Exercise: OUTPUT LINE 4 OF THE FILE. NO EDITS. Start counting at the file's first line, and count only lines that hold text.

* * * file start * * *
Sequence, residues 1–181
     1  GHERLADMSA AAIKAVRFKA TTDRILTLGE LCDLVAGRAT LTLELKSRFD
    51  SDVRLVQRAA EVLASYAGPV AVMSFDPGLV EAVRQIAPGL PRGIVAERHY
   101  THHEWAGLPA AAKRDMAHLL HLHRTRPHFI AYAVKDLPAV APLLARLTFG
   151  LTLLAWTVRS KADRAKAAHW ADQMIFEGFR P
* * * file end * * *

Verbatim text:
   101  THHEWAGLPA AAKRDMAHLL HLHRTRPHFI AYAVKDLPAV APLLARLTFG